Is DualTech VT a revolution? Maybe not quite, but the concept transforms a telehandler’s capabilities. If the aim of the game was to bring together the best of both worlds, then the manufacturer has definitely done it.

In addition, Fleximode allows tailoring of the machine to specific attachments and jobs making tasks much easier to carry out with less effort.

 

No plans have been revealed yet as to whether the new transmission will be used in other Loadall models or other JCB handling machines, but there certainly is further scope for the use of DualTech VT across the firm’s portfolio.

 

Production of the AgriPro Loadalls start in May, with prices to be confirmed.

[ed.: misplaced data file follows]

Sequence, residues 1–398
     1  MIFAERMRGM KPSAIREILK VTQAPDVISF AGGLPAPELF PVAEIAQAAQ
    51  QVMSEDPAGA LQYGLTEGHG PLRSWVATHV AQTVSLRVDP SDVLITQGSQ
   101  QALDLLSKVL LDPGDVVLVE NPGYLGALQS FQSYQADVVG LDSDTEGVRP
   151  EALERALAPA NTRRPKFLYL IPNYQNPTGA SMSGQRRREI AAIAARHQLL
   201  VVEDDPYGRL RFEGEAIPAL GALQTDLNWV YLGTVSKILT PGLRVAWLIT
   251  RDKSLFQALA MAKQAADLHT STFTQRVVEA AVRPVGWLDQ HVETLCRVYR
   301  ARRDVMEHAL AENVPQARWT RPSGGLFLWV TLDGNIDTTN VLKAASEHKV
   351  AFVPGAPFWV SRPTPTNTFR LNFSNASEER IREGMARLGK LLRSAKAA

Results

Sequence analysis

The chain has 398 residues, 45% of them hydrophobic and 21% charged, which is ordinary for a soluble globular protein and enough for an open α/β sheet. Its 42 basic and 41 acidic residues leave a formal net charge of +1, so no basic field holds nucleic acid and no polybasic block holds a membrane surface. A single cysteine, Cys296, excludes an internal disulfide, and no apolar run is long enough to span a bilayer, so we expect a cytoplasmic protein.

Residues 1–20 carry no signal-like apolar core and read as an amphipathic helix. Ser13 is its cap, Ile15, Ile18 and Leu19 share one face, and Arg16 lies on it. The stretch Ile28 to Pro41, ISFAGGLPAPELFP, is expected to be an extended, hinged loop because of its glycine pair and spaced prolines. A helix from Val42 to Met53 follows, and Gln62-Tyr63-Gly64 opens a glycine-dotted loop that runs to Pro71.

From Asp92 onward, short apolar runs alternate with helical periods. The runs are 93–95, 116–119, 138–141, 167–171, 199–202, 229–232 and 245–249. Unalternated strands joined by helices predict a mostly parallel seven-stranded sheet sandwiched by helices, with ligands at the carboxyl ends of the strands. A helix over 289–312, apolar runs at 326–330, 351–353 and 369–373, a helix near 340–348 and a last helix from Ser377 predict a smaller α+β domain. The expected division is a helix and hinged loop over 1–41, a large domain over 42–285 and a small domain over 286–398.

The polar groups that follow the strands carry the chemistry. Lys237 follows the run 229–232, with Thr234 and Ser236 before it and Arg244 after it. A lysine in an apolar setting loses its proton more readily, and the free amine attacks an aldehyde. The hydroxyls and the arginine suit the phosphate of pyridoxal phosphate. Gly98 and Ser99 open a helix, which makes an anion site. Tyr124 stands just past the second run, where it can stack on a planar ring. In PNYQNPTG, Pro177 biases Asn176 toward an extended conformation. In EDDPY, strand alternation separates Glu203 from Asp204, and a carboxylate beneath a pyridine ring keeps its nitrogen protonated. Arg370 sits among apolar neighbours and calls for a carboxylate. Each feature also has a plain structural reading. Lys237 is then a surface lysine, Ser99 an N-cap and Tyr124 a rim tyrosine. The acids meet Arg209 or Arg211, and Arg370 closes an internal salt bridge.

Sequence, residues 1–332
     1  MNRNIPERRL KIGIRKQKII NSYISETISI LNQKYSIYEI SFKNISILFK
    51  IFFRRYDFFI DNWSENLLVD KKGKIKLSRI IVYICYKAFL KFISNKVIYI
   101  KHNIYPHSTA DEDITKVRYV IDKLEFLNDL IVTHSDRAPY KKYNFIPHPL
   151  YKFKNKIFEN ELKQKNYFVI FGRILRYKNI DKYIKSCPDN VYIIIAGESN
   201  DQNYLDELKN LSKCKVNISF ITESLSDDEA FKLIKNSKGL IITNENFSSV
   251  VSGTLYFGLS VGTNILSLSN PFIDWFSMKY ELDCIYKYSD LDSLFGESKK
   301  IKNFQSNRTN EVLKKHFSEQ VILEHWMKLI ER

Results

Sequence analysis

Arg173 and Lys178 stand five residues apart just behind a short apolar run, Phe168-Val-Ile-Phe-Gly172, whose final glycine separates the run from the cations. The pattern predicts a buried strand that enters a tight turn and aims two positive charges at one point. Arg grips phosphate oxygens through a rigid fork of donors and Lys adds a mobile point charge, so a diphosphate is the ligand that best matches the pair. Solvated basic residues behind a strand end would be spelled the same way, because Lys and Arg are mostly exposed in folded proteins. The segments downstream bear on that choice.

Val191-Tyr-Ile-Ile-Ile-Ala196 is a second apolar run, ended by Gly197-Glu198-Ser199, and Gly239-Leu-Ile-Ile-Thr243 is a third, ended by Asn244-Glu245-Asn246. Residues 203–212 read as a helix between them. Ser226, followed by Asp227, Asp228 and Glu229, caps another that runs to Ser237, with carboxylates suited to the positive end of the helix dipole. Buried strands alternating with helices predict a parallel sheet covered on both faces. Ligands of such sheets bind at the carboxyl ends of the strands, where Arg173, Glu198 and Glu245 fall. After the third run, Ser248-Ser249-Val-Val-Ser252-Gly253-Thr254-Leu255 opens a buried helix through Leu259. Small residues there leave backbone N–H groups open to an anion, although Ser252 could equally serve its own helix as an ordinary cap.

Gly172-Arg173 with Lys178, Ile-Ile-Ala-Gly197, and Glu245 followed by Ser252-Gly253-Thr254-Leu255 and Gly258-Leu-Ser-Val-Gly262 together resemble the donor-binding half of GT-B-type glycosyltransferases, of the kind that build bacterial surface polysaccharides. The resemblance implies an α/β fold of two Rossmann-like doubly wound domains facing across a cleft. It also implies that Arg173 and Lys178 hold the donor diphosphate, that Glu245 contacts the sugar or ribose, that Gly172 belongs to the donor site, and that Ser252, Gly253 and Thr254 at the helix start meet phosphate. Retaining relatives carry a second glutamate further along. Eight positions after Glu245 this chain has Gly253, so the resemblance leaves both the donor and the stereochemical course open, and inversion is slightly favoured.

AgriPro Loadall specifications

Model

531-70

536-70

541-70

Engine

JCB EcoMax EU Stage 4

Size

4.8-litre

Power

145hp

Transmission

DualTech VT combined hydrostatic/powershift

Lift height

7.0m

7.0m

7.0m

Lift capacity - maximum

3,100kg

3,600kg

4,100kg

Lift capacity - to full height

2,400kg

2,250kg

2,250kg

Forward reach

3.7m

3.7m

3.7m

Forward reach lift

1,250kg

1,350kg

1,500kg

Overall height

2.49m

2.49m

2.49m

Width*

2.36m

2.36m

2.36m

Length**

4.99m

4.99m

4.99m

Weight

6,900kg

7,800kg

7,800kg

Hydraulics - main

140-litre/min Load Sensing

Hydraulics - auxiliary

110-litre/min

Note: * over tyres. ** to implement carriage, boom lowered.